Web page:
Alzheimer’s ‘mini-brains’ engineered from patient cells manifest key symptom just like humans do

Scripps Research team establishes cerebral organoids as a relevant research model for Alzheimer’s disease.

December 12, 2019

LA JOLLA, CA — Scientists at Scripps Research report for the first time that Alzheimer’s patient-derived stem cells, which are engineered to become “mini-brains” for lab research, manifest excessive seizure-like electrical activity just like human patients with the disease.

The findings establish cerebral organoids as a relevant research model for early-stage Alzheimer’s and provide valuable insights into the mechanisms of hyperexcitability in brain cells.

Neuron hyperactivity is associated with Alzheimer’s disease progression, but its mechanisms have not been fully understood when studied in animals. Mini-brains created with stem cells from actual patients provides a “human context” that leads to a better understanding of the disease. The study appears in eLIFE.

The research team, led by Swagata Ghatak, PhD, a postdoctoral fellow in the Scripps laboratory of Stuart Lipton, MD, PhD, discovered that the abnormal electrical activity seen in the brain is caused by altered excitability and dysfunctional nerve cell synapses, the connections for communication between nerve cells. This disruption of synapses is the root cause for the loss of memory and cognitive abilities among patients with Alzheimer’s disease.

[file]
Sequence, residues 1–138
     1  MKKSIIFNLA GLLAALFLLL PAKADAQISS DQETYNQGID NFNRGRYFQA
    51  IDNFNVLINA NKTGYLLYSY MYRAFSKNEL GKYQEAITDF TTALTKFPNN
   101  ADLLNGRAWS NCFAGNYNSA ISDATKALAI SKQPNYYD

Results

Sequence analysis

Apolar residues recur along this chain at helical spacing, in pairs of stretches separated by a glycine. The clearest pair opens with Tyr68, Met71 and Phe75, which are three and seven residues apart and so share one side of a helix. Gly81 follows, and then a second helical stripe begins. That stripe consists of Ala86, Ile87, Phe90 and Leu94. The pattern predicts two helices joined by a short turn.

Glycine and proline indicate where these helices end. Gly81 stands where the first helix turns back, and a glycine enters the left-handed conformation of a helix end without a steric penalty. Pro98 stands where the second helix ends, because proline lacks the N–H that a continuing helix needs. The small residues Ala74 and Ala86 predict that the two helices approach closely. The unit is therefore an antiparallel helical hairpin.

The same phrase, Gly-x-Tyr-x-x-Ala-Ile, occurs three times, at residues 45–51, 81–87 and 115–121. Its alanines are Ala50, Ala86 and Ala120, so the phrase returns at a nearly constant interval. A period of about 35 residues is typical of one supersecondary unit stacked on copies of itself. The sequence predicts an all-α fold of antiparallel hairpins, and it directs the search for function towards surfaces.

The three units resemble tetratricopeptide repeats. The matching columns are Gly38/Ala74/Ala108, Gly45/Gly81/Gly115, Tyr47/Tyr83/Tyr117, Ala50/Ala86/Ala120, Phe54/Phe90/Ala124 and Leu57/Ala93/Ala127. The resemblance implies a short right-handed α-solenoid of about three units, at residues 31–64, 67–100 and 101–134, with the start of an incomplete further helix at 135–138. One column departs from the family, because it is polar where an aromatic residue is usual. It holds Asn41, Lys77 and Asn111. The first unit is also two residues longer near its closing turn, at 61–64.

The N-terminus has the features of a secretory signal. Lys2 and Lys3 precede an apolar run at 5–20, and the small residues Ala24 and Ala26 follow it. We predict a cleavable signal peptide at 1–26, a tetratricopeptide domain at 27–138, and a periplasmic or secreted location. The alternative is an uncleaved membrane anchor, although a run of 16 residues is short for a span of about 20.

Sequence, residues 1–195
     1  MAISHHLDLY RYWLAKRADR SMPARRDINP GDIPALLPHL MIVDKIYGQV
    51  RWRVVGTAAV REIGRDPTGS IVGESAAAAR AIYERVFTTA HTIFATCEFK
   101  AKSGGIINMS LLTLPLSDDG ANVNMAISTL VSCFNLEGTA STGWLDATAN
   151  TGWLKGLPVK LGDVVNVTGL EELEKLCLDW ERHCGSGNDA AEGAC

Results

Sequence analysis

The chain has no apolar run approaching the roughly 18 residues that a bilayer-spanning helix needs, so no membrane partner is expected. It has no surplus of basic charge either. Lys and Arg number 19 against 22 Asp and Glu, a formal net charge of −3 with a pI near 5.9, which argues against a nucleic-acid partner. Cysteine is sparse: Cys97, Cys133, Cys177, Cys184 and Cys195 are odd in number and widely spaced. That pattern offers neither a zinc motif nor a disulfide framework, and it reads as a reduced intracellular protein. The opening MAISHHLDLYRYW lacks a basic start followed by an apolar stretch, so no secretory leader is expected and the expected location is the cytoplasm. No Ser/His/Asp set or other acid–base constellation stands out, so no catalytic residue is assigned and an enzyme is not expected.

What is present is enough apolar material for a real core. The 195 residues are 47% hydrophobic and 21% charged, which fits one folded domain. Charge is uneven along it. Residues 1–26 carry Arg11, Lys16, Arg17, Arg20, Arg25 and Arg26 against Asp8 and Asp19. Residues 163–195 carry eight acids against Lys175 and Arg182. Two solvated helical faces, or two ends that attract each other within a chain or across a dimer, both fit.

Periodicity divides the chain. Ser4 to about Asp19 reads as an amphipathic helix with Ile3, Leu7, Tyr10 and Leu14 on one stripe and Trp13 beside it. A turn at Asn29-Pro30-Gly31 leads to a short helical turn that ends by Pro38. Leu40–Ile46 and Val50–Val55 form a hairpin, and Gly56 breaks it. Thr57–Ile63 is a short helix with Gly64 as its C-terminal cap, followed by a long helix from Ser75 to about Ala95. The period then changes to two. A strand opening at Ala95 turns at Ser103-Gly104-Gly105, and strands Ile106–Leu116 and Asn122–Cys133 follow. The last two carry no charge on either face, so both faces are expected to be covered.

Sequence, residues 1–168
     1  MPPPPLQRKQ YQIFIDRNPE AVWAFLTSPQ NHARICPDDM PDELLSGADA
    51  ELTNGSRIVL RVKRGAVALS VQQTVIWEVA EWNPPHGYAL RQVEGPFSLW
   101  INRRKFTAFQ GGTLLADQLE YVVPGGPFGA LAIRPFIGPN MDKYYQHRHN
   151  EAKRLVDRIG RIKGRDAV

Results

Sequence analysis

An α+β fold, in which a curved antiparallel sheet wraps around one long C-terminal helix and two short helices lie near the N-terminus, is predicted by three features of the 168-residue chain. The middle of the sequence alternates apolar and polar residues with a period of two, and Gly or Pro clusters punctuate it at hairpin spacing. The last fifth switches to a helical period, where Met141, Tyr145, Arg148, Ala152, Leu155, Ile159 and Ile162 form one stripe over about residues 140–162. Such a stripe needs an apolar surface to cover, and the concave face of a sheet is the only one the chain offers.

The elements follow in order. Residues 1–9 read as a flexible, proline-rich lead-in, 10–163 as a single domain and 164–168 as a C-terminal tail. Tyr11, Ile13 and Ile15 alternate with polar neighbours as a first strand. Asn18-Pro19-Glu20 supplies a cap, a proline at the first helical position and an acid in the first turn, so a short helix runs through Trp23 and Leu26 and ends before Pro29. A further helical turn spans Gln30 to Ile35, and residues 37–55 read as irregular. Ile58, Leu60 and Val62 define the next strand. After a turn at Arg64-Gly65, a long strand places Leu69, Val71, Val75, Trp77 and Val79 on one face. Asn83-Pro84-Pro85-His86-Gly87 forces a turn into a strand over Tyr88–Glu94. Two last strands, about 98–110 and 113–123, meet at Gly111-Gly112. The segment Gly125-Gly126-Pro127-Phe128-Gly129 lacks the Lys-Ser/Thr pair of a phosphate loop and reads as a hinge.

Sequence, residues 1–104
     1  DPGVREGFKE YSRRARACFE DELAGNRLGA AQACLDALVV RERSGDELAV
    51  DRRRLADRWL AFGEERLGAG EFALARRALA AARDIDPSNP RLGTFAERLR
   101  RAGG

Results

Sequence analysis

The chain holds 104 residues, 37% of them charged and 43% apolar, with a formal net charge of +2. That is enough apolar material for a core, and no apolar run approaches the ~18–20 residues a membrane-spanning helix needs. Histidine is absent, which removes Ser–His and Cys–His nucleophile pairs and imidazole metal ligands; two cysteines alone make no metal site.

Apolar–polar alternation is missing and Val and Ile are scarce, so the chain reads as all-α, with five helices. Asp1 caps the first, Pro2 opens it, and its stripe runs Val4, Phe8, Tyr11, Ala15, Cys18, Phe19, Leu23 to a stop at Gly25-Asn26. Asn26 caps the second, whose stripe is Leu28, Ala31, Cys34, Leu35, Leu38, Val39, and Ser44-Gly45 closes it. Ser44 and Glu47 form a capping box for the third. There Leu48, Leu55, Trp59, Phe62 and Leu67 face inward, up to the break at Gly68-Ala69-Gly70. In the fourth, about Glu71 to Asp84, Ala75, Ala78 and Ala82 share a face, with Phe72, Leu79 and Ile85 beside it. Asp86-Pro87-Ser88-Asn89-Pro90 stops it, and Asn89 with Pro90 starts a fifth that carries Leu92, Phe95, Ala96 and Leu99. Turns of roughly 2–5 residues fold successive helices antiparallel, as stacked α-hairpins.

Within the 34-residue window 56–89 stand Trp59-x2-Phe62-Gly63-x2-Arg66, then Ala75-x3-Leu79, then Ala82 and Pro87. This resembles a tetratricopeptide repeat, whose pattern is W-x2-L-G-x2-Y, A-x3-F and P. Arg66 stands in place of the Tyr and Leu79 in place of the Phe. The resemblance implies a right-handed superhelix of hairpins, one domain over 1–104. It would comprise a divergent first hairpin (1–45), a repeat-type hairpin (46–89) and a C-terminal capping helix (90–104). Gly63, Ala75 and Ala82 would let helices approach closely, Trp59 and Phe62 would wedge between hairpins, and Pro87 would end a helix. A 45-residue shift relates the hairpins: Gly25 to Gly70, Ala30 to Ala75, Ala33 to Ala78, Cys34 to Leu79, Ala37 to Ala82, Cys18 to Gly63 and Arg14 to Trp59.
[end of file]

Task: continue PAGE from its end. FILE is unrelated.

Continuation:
“The findings now permit us to develop drugs to combat synapse dysfunction and memory loss in Alzheimer’s patients,” says Lipton, the Hannah and Eugene Step Chair and a professor at Scripps Research. “We will be publishing research on such a drug in the near future.”

The 3-D cerebral organoids, also referred to as “mini-brains in a dish,” were developed using human induced pluripotent stem cells, or hiPSCs, from people with Alzheimer’s disease. hiPCs are derived from skin or blood cells that have been reprogrammed into an embryonic-like state; the cells can then be guided to become any type of human cell, including neurons, for therapeutic or research purposes.

In the study, Lipton and his team generated one set of dysfunctional mini-brains using cells that have a gene mutation that causes Alzheimer’s. A control set of mini-brains was produced using the genetic editing technique known as CRISPR to correct the mutation. This process yielded what's termed “isogenic cells,” that is, nerve cells in which every gene is identical except the one that causes Alzheimer’s.

Authors of the study, “Mechanisms of hyperexcitability in Alzheimer’s disease hiPSC-derived neurons and cerebral organoids vs. isogenic controls,” include Swagata Ghatak, Nima Dolatabadi, Dorit Trudler, XiaoTong Zhang, Yin Wu, Madhav Mohata, Rajesh Ambasudhan, Maria Talantova and Stuart A. Lipton. 

This work was supported in part by the National Institutes of Health (grants P01 HD29587, DP1 DA041722, R01 NS086890, R01 578 AG056259, RF1 AG057409) and the National Institute of Neurological Disorders and Stroke Core (grant P30 NS076411).

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